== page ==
MICHAEL ALBERT: Well, I had two kinds of interaction with him at the beginning. One was like anybody else: hearing him speak at a rally or a demonstration or something like that. The other was actually taking a course from him, because I was at MIT, and he taught a course that was about American policy and ideology, and so on. And then, later on, I sort of taught a section of it with him. He had a profound effect on me, of course, as he has on many, many other people. In my case, it was partly to just see such a mind at work, to see what it meant to think clearly, to think in a disciplined way, and so on. But it was mostly something about the integrity, something about the honesty, the calm demeanor, the concern, and so on.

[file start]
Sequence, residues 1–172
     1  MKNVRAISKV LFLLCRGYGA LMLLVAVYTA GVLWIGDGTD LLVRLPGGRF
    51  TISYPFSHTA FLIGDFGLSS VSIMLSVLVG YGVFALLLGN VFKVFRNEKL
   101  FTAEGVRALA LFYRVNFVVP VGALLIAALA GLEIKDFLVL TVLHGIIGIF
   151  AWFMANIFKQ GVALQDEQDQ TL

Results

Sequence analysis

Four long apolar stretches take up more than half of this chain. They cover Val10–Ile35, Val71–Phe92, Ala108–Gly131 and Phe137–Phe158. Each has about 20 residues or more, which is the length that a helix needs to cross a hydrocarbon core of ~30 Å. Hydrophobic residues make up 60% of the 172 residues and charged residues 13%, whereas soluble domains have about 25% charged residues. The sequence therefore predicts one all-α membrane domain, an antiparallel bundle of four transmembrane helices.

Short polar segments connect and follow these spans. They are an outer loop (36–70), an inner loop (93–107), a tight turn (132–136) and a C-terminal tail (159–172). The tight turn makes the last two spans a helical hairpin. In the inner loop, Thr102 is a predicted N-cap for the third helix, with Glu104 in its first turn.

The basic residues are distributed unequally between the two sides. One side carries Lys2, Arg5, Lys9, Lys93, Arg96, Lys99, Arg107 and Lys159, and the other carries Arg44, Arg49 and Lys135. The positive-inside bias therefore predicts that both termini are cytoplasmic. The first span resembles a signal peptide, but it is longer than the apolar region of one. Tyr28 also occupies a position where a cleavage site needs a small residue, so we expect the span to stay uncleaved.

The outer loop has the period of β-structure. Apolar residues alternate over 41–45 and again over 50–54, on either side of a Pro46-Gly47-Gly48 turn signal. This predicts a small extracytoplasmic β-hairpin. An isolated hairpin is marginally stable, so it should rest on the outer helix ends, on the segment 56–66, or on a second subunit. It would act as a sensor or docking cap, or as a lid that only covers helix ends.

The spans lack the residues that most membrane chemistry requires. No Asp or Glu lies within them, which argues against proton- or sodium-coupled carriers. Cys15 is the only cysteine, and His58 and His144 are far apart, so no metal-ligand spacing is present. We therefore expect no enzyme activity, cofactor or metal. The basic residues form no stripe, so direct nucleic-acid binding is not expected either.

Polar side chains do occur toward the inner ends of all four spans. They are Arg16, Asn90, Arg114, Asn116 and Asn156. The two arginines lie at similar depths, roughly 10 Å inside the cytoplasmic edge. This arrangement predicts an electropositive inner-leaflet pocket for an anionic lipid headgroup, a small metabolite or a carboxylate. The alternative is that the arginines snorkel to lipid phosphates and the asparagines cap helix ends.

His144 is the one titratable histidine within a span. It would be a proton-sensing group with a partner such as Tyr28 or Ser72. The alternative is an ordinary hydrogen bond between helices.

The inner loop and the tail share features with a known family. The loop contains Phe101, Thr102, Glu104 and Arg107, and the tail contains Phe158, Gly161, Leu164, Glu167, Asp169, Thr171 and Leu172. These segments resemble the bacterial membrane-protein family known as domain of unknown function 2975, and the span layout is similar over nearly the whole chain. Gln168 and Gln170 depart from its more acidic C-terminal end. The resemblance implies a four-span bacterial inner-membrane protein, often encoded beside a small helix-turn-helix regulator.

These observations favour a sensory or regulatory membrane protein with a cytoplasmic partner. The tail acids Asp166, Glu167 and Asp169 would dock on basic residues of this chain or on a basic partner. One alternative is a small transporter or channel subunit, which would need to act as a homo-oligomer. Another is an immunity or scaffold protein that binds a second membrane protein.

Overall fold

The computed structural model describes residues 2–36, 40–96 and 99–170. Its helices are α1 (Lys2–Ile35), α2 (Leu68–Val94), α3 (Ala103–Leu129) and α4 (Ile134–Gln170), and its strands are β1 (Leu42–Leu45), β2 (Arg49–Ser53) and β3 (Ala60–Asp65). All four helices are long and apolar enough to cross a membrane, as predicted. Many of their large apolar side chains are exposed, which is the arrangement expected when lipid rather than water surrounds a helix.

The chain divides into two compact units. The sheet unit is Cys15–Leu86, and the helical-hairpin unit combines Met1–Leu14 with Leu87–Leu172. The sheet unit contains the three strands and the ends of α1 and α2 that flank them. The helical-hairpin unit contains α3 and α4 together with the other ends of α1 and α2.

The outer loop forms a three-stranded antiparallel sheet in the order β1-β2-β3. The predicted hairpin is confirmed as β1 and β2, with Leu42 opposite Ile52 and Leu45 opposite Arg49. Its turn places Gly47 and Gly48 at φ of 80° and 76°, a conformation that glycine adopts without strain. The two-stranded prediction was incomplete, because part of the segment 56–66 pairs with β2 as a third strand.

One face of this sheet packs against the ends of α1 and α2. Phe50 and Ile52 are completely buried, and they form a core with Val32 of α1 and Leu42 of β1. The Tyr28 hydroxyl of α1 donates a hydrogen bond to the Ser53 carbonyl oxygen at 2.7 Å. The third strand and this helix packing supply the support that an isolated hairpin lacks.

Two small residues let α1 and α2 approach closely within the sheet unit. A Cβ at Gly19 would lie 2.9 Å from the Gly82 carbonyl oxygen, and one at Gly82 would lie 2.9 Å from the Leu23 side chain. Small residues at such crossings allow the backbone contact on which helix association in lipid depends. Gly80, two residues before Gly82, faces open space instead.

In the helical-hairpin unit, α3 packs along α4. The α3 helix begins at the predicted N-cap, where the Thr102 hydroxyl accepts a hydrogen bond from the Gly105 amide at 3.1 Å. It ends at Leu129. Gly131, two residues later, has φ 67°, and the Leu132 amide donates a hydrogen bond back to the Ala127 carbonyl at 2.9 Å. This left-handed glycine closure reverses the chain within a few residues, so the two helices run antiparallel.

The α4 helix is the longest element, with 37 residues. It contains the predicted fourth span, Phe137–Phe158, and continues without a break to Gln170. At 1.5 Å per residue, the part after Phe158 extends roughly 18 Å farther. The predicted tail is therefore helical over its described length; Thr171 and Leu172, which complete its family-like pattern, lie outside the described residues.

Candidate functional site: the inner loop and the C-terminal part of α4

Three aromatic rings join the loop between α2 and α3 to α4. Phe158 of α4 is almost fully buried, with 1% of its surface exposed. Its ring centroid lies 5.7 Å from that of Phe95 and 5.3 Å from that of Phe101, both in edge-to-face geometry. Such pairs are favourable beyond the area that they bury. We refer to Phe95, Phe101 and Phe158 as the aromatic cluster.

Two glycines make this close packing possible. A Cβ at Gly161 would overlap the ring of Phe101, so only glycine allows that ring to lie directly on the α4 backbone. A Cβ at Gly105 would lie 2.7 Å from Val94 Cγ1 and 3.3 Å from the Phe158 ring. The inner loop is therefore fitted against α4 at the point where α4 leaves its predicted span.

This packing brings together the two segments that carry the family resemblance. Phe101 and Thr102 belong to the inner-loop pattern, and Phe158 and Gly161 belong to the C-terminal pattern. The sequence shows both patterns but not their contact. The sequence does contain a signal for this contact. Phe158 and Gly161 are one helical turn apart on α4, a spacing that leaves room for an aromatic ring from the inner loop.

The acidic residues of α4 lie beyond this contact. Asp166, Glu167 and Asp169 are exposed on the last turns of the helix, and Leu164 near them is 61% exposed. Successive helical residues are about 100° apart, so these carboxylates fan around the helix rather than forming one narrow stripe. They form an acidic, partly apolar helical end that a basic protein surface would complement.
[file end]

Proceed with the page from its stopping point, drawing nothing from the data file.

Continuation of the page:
One example was, Weathermen was a group that was engaged in activity at the time. It was a part of SDS, not a part I was belonged to, but they wanted to recruit me. At a particular moment, I went into Noam's office, and I asked him about it, this recruitment effort by them and whether -- you know, how I should relate. Noam was loath to give people advice about what to do in their life or about strategy.

    AMY GOODMAN: And explain what the Weathermen were.

    MICHAEL ALBERT: The Weathermen were a very -- they were the most militant, most violent wing of SDS. Their analysis was a bit peculiar. I don’t think we need to go into details.